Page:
Law & the Courts

The Coming SCOTUS Battle Is a Chance to Curb Judicial Supremacy

(Jonathan Ernst/Reuters)
The Court has taken too much control over contentious social issues that should be sorted out in the political process.

Replacing Justice Anthony M. Kennedy will trigger a titanic confirmation fight, one that may eclipse the ugly conflicts over Robert Bork and Clarence Thomas. Conservatives will press President Donald Trump to honor his promise to nominate judges wedded to the Framers’ Constitution. Liberals will regard the nomination as yet another battlefield to wage unremitting “resistance,” with abortion rights and affirmative action in the balance. Even as the two sides wage war over the future of Roe v. Wade, they may yet find an area of agreement: an end to an era of judicial supremacy in interpreting the Constitution and a return to greater judicial respect for the views of the elected branches of government.

Justice Kennedy’s legacy may identify common ground. Though appointed by President Ronald Reagan, Kennedy followed no predicable conservative path. He supplied the critical votes for a woman’s right to abortion, for gays to marry, and affirmative action in universities. He led the Court’s efforts to curb the death penalty, safeguard state sovereignty against federal power, and supervise the executive branch’s detention and trial of war prisoners. These cases reflected a broader theme: a soaring confidence in the ability of judges to settle the most controversial social questions. As he put it in an unusual joint opinion in Casey v. Planned Parenthood (1992), when the Court decides a constitutional question, it thereby “calls the contending sides of a national controversy to end their national division by accepting a common mandate rooted in the Constitution.”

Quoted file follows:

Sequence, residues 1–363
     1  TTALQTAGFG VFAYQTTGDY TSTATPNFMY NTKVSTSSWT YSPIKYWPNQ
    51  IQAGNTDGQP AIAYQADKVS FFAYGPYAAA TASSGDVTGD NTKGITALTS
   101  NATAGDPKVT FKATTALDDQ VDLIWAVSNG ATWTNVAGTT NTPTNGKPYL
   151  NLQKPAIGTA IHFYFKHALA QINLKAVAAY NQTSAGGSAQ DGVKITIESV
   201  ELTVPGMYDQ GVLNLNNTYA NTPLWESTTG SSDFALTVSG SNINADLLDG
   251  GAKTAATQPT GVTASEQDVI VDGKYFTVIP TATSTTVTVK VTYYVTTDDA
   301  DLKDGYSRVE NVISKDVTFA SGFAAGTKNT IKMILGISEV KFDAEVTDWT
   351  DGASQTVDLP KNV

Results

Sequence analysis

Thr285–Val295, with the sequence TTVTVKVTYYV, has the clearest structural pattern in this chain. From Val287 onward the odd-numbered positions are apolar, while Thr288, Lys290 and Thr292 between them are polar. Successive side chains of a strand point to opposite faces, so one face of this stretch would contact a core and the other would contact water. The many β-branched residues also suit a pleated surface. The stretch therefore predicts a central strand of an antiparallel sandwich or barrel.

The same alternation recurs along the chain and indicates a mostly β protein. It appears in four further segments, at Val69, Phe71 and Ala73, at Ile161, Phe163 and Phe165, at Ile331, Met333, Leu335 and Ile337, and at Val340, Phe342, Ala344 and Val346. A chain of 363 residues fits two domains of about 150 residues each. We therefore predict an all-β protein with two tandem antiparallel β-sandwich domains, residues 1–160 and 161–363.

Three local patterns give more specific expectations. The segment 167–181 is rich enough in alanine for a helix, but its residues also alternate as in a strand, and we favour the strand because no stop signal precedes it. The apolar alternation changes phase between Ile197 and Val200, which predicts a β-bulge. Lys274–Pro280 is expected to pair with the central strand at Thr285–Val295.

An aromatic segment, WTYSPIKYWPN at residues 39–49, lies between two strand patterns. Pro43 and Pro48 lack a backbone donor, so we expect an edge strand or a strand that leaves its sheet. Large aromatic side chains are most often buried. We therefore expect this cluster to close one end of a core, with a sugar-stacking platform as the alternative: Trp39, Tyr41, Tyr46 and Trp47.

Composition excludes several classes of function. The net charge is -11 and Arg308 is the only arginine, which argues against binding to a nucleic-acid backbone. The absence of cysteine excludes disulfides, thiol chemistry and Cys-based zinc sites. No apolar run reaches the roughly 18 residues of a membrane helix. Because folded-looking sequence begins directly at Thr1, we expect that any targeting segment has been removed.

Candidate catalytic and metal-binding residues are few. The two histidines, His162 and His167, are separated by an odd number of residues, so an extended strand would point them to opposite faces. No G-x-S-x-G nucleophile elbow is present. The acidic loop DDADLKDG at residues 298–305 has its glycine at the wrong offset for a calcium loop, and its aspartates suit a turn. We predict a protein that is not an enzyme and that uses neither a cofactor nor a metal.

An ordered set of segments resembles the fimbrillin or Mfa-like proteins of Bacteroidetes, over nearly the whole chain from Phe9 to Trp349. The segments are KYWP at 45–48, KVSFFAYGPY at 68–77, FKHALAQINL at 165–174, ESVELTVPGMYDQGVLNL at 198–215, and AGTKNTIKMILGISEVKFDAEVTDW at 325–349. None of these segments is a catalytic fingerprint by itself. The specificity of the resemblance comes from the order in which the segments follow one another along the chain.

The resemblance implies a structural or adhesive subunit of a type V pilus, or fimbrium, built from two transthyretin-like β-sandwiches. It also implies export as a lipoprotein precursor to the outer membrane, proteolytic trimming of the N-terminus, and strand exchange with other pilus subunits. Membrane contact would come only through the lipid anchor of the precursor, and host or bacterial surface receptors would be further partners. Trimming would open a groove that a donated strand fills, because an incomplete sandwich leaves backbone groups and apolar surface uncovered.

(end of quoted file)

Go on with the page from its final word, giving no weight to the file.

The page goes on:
Whatever the Court might say, the Constitution, not the Court’s pronouncements, is the supreme law. The Justices enjoy no unique relationship to the founding document.

This was rather presumptuous. Despite Justice Robert Jackson’s claim that the Court was “infallible only because we are final,” the Constitution makes the justices neither. No branch can claim a special authority over constitutional meaning, a fundamental principle that can chart the path forward for the appointment of Kennedy’s successor.

Whatever the Court might say, the Constitution, not the Court’s pronouncements, is the supreme law. The Justices enjoy no unique relationship to the founding document. As an independent branch of government, the president has the duty to “Take Care that the Laws are Faithfully Executed,” with the Constitution as the highest form of that law. He therefore must implement his understanding of the Constitution and, accordingly, nominate judges who will advance his constitutional agenda.

Likewise, the Senate has its own responsibility to interpret the Constitution when it carries out its functions. They should not vote for bills that violate the Constitution. Likewise, they should vote against nominees whose understanding of the Constitution differs from their own. If the president and some senators hold widely different views of the Constitution, as they do today, they will come into inevitable conflict, with the hearing room of the Senate Judiciary Committee providing the battlefield.